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Physical Properties: Glass and Soil

Read Chapter 4 text and PowerPoint to complete the following review questions:

1. Define the terms physical property and chemical property.

2. Why is the metric system of measurement easier to use than the ““English system””? Which system is used in the United States?
3. List the basic units of length, mass, and volume in the metric system.
4. What reference points are most often chosen when constructing a temperature scale?
5. List the two most commonly used temperature scales and their respective reference points.
6. Define weight and mass and explain the difference between the two concepts.
7. What is density? How does heat affect the density of gases and liquids?
8. Define the terms refraction and refractive index.
9. What is the difference between a crystalline solid and an amorphous solid? How does this difference affect the refractive index of each of these types of solid?
10. Explain how a prism disperses white light into its constituent colors.
11. Define intensive property and name two intensive properties of matter.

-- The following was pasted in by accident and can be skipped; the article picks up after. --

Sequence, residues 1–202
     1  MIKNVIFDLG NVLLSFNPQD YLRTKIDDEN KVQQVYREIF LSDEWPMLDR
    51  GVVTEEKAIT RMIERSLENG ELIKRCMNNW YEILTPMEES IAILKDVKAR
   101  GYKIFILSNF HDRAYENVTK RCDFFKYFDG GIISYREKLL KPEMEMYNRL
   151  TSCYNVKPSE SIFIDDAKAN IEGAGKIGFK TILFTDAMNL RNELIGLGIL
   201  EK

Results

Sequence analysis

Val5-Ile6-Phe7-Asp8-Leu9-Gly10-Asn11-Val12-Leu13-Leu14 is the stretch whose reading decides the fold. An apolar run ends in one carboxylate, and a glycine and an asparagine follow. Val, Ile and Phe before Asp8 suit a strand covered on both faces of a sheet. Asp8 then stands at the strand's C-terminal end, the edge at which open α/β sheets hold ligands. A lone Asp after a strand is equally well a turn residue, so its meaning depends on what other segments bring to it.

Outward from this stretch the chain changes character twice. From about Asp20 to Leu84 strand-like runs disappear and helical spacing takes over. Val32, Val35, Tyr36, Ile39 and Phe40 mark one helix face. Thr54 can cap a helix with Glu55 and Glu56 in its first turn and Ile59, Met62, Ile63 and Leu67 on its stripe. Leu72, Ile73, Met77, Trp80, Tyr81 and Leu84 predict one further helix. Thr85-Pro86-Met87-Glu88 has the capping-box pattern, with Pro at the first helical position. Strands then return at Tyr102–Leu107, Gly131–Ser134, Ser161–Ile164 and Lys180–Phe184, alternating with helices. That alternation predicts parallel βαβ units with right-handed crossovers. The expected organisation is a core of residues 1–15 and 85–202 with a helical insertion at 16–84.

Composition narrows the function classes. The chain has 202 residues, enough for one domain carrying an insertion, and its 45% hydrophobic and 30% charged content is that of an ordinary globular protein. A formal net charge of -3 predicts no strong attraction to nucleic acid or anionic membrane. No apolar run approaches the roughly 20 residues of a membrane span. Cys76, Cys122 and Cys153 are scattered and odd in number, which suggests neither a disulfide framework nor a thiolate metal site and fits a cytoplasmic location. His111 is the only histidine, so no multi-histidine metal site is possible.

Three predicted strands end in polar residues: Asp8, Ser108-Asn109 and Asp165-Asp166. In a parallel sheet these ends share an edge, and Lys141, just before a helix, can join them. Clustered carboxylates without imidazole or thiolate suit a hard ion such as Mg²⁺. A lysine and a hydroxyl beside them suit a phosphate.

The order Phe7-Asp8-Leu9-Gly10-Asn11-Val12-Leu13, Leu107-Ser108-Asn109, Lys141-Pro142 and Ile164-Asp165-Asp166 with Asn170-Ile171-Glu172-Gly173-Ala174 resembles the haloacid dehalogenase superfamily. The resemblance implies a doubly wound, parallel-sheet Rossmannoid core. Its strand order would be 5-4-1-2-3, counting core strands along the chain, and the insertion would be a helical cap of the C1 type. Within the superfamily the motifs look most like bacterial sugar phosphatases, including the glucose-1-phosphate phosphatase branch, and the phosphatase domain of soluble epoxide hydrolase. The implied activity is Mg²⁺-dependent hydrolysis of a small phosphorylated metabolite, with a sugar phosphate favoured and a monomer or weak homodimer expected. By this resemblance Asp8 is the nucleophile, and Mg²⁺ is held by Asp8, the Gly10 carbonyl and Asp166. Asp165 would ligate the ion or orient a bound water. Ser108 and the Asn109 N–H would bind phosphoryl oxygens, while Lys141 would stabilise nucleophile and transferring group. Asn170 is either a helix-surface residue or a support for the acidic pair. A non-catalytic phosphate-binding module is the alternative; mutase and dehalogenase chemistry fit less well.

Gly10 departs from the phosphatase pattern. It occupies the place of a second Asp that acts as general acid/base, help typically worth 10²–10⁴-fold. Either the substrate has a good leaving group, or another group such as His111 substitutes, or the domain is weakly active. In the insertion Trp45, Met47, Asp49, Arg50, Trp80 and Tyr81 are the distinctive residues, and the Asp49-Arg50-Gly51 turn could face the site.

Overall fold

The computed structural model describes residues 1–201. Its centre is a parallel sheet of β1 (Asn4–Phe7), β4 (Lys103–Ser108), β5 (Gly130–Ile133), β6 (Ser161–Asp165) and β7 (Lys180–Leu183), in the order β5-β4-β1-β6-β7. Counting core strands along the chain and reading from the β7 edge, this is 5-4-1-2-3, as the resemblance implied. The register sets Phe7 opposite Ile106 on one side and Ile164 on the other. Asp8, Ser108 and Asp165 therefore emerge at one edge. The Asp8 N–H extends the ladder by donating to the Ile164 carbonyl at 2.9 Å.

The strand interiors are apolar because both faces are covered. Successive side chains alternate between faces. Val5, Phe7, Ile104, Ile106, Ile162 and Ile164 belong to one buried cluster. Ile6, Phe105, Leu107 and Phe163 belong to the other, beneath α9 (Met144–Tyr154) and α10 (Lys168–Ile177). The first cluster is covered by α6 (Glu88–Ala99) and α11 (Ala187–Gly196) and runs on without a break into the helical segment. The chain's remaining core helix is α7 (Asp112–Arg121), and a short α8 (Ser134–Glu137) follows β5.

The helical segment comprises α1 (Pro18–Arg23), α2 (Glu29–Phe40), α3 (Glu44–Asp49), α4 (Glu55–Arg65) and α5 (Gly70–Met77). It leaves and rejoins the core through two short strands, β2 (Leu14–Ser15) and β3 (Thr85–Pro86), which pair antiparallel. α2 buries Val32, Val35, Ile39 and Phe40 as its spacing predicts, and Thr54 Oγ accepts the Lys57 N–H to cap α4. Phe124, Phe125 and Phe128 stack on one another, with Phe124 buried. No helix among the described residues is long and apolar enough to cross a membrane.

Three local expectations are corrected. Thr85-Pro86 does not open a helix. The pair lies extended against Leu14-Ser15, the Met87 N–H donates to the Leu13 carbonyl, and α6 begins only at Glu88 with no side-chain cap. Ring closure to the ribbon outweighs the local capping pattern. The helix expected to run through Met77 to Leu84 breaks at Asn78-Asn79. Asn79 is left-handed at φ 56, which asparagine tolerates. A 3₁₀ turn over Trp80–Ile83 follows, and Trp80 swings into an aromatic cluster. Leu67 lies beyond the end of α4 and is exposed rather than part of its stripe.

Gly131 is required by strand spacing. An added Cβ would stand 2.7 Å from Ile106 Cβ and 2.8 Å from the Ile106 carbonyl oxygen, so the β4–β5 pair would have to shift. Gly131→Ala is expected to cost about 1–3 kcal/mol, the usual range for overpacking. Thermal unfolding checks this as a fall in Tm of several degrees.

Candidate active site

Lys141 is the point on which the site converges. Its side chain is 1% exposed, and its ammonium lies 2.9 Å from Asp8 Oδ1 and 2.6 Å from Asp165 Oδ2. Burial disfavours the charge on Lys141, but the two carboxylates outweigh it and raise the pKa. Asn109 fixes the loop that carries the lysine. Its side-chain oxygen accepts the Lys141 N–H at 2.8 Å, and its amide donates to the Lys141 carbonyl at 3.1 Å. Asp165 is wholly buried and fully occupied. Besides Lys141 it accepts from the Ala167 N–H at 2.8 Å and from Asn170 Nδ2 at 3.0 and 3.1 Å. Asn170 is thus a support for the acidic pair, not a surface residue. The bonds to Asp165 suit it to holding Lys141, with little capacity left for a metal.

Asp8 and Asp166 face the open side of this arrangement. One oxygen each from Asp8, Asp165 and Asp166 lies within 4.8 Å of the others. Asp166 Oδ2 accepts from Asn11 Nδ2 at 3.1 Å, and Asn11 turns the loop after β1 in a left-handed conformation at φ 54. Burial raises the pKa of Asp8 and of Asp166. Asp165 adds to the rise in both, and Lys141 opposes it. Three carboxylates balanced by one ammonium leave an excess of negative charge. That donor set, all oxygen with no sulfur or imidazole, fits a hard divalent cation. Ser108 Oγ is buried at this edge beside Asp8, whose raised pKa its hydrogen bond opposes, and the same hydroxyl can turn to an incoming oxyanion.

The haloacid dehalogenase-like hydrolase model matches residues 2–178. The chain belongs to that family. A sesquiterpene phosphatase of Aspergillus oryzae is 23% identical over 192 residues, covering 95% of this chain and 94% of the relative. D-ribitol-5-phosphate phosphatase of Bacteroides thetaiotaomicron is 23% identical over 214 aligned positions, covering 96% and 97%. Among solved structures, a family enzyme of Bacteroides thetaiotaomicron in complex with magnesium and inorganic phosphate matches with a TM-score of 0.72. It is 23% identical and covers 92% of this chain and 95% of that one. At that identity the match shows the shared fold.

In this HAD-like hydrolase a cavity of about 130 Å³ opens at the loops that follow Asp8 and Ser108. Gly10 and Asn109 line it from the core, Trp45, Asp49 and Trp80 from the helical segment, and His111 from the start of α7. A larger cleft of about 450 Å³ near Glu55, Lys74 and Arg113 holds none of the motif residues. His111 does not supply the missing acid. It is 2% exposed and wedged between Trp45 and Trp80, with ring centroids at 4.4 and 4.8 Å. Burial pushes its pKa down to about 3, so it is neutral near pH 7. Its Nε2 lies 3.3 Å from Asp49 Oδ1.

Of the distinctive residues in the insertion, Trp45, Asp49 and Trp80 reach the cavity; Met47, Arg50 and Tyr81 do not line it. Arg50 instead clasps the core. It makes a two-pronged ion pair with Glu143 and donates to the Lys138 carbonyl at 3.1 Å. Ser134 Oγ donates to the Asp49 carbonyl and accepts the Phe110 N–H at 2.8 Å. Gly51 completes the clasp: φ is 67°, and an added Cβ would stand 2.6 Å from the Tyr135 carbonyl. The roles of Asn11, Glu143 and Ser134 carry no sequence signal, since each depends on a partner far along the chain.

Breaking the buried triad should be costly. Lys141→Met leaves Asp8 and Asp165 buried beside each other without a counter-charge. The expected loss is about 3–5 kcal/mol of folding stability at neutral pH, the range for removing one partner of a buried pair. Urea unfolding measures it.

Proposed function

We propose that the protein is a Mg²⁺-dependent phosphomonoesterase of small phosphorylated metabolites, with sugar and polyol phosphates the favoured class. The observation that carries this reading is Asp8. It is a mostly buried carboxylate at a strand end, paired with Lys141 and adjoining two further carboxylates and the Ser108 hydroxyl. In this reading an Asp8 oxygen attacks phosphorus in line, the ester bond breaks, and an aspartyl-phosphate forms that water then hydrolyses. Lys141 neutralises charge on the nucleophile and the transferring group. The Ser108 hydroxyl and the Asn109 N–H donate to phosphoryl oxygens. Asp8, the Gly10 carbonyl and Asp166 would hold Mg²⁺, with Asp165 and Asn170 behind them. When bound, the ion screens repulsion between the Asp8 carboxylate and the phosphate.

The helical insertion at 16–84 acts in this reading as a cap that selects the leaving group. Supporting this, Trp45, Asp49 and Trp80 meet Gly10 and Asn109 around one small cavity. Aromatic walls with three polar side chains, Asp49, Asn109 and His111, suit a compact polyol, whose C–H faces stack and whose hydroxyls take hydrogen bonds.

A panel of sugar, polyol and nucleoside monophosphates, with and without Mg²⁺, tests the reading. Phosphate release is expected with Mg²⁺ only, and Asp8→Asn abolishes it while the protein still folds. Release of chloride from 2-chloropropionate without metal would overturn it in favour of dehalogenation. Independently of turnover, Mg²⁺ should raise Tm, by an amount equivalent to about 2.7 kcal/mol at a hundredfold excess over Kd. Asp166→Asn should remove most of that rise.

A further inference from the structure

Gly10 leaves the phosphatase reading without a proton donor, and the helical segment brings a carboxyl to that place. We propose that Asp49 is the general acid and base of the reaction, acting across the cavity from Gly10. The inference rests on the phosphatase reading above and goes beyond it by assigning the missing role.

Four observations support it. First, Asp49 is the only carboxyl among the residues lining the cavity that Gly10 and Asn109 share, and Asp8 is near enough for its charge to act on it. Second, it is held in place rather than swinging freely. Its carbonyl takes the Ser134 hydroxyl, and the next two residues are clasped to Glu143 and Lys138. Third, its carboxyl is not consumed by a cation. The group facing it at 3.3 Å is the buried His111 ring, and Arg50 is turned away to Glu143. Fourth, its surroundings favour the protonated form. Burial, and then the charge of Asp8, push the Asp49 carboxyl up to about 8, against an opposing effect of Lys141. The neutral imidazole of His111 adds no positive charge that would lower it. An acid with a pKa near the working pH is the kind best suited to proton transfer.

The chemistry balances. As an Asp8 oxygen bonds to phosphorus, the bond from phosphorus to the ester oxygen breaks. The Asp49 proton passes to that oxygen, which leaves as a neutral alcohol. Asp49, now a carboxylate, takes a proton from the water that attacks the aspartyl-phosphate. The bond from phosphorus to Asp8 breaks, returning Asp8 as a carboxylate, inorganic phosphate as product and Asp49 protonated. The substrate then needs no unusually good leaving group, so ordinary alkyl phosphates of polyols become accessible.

12. List two factors that make it difficult for criminalists to compare glass samples.
13. Describe the process of flotation and explain what it is used for.
14. What is the Becke line and how is it used to determine the refractive index of a glass sample?
15. What is the 3R rule and how is it applied to the analysis of glass fractures?
16. How can an investigator determine the order in which several successive penetrations of a glass occurred?
17. How can soil evidence be valuable even if the site of the crime has not been ascertained?
18. What is a mineral and how can minerals be important in the comparison of soil samples?
19. What is the most important consideration when collecting soil samples from a crime scene? At what locations should soil standard/reference samples be collected?
20. Why is soil collected from suspect automobiles left in lump form?